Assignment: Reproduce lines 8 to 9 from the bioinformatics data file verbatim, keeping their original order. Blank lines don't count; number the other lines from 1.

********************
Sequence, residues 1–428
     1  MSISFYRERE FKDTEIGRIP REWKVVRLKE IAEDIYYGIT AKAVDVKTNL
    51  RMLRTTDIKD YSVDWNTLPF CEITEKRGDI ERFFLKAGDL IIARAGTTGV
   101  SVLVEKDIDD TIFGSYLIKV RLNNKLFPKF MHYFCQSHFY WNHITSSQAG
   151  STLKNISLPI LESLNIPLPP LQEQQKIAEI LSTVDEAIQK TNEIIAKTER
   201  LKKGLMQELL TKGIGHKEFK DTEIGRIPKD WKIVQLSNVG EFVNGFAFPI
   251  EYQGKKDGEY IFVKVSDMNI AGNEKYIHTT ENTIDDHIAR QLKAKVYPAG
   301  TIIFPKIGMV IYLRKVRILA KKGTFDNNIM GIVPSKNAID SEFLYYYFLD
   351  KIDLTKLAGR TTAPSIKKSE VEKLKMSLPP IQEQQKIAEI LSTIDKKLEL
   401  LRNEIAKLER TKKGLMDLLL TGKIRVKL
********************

   301  TIIFPKIGMV IYLRKVRILA KKGTFDNNIM GIVPSKNAID SEFLYYYFLD
   351  KIDLTKLAGR TTAPSIKKSE VEKLKMSLPP IQEQQKIAEI LSTIDKKLEL